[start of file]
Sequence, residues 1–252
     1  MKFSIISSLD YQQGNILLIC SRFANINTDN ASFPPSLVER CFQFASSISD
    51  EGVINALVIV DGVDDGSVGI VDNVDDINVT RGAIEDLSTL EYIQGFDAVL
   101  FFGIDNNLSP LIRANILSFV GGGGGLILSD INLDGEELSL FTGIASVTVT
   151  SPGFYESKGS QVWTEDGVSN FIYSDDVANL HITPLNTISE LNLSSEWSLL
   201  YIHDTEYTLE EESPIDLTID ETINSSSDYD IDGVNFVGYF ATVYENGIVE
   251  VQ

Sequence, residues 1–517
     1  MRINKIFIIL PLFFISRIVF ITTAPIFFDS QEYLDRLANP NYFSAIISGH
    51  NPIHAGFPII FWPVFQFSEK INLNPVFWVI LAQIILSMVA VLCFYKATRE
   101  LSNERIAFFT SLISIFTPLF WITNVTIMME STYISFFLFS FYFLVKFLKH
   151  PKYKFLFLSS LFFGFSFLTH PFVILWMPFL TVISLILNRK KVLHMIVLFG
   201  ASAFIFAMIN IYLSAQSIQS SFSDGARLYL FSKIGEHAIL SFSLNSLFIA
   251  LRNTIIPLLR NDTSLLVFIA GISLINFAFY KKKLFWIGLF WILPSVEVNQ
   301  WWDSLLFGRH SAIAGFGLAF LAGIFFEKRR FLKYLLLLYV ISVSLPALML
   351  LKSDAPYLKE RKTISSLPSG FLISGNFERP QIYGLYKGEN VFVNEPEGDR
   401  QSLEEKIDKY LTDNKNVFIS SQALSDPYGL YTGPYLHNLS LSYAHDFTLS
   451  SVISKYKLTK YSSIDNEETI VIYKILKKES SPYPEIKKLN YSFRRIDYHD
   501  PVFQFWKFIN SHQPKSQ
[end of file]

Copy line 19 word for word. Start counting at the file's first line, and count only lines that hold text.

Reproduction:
   501  PVFQFWKFIN SHQPKSQ